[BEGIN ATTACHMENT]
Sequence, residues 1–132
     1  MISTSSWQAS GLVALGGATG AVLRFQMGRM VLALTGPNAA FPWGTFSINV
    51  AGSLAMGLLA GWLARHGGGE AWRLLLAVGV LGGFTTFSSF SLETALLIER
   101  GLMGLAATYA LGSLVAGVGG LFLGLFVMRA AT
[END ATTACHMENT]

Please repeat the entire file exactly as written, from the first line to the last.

Sequence, residues 1–132
     1  MISTSSWQAS GLVALGGATG AVLRFQMGRM VLALTGPNAA FPWGTFSINV
    51  AGSLAMGLLA GWLARHGGGE AWRLLLAVGV LGGFTTFSSF SLETALLIER
   101  GLMGLAATYA LGSLVAGVGG LFLGLFVMRA AT